AIM: To translate and psychometrically evaluate a Swedish version of the AES.

    METHOD: The AES was translated, and its psychometric properties were tested in the Swedish BioFINDER study, including cognitively well elderly, and subjects with mild cognitive or parkinsonian symptoms. Psychometric analyses were conducted according to classical test theory (CTT) and aimed to resemble those performed in the English original study by Marin et al. in 1991. Dimensionality was additionally analysed on a matrix of polychoric correlations and parallel analyses.

    RESULTS: Data indicate that the Swedish AES performs satisfactorily regarding data completeness, scaling assumptions, targeting, and reliability. Principal component analyses (with parallel analysis) of polychoric correlation matrices identified a single component. Convergent and discriminative validity correlations accorded with a priori expectations.

    CONCLUSIONS: The study provides initial support that this Swedish AES performs similarly to the English original, and exhibits acceptable psychometric properties according to CTT, including supported unidimensionality, and may be adopted for use in clinical and research settings.

  • 6.
    Schmidt, Manuela
    et al.
    Kristianstad University, Research Platform for Collaboration for Health. Kristianstad University, School of Health and Society. Lund University.
    Ekstrand, Joakim
    Kristianstad University, School of Health and Society, Avdelningen för Ekonomi och arbetsliv. Kristianstad University, Research Platform for Collaboration for Health.
    Bengtsson-Tops, Anita
    Kristianstad University, School of Health and Society, Avdelningen för Sjuksköterskeutbildningarna. Kristianstad University, Research Platform for Collaboration for Health.
    Clinical profiles and temporal patterns of psychiatric emergency room visitors in Sweden2018In: Nordic Journal of Psychiatry, ISSN 0803-9488, E-ISSN 1502-4725, Vol. 72, no 3, p. 197-204Article in journal (Refereed)
    Abstract [en]

    AIMS: To describe persons visiting the psychiatric emergency room (PER) in Sweden and to compare persons who frequently (PFV) and infrequently (PIFV) visit PERs in terms of group size, age, gender, PER location inside versus outside the home municipality, diagnosis (ICD 10), temporal patterns of visits and hospital admissions.

    METHODS: This register study included all visits to PERs in one Swedish county over 3 years, 2013-2015 (N = 67,031 visits). The study employed descriptive statistics as well as Chi-square tests combined with Bonferroni correction to compare PFV with PIFV.

    RESULTS: Of the total of 27,282 visitors, 2201 (8.1%) were identified as PFV (five or more visits within 12 months) and they accounted for 38.1% of the total visits. The study found differences between PFV and PIFV in gender, diagnostic profile, hospital admissions and temporal patterns. Differences were also detected with regard to distance between PERs and home municipalities. However, no age-related differences were found between the two groups.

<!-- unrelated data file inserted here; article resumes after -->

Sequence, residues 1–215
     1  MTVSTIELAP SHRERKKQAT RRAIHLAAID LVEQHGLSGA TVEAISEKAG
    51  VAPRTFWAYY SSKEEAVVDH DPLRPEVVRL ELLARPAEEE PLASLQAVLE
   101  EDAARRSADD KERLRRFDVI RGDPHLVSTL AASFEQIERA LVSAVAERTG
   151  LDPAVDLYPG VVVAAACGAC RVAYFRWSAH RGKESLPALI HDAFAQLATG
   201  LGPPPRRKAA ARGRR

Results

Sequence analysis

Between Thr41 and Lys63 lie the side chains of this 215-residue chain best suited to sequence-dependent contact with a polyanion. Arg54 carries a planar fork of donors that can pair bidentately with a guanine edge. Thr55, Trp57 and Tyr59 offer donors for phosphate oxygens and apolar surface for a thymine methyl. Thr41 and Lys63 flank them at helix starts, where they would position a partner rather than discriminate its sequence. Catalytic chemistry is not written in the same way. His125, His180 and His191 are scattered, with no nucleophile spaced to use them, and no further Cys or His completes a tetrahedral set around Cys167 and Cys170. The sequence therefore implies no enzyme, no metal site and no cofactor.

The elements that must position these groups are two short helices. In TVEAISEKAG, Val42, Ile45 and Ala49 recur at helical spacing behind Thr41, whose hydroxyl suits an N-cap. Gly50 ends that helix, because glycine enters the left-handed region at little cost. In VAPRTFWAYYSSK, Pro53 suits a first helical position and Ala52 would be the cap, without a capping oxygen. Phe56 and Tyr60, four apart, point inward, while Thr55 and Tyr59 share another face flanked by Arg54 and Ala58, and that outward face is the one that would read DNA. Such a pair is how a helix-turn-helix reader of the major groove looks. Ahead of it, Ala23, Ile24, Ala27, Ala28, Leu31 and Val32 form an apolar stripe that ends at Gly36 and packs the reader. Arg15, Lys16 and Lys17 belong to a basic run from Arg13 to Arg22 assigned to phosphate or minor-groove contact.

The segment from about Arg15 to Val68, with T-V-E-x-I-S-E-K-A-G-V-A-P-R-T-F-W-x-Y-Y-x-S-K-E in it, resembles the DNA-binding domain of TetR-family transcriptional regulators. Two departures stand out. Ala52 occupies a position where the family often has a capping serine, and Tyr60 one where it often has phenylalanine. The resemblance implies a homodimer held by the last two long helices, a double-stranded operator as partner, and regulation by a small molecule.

CONCLUSIONS: PFV and PIFV have different clinical profiles and temporal patterns. These results may be important when planning, developing and evaluating interventions targeting the needs of each group, which is in accordance with a person-centred approach. Such an approach might eventually result in fewer visits to PERs.

  • 7. Sørgaard, Knut W.
    et al.
    Sandlund, Mikael
    Heikkilä, Jyrki
    Hansson, Lars
    Vinding, Hanne R.
    Bjarnason, Olafur
    Bengtsson Tops, Anita
    Department of Psychiatry Sector West Malmö.
    Merinder, Lars
    Nilsson, Lise-Lotte
    Middelboe, Thomas
    Schizophrenia and contact with health and social services: A Nordic multi-centre study2003In: Nordic Journal of Psychiatry, ISSN 0803-9488, E-ISSN 1502-4725, Vol. 57, no 4, p. 253-261Article in journal (Refereed)
    Abstract [en]

    Background: In a Nordic multi-centre study investigating the life and care situation of persons with schizophrenia living in the community, factors explaining use of health and social services were examined. Method: Four hundred and eighteen individuals with schizophrenia from 10 sites were interviewed about their contact with different services (support functions within and outside the mental health services, general practitioners (GPs), physicians in the mental health, psychotherapy, day-care and inpatient treatment), psychopathology, social network and needs for care. Results: Physicians and support contacts within the mental health system were most used and GPs and psychotherapy least. Three groups of variables were stabile predictors of contact: rural-urban differences, diagnoses (hebephrenic schizophrenia associated with less contact with physicians in the mental services and more with GPs) and health needs as experienced by the patients. No differences between the centres with regard to total service use were found, but the patterns of contact reflected urban-rural variance. A low number of health needs predicted contact with physicians within the mental health services, whereas a high number of such needs was related to contact with GPs and support functions within the mental health services. Social relations exhibited the highest number of unmet needs. Conclusions: Contact with physicians working in the mental health services was much more common than contact with GPs. Based on a broad spectre of demographic, clinical and network variables, it was not possible to find models that explained substantial parts of the variance of service use. Patterns of contact were different in rural, town and city-surroundings, and with the exception of psychotherapy, the rural pattern was characterized by use of less specialized services. The importance of health needs and diagnosis as predictors of contact illustrate the profound and lasting effects on health of having a diagnosis of schizophrenia.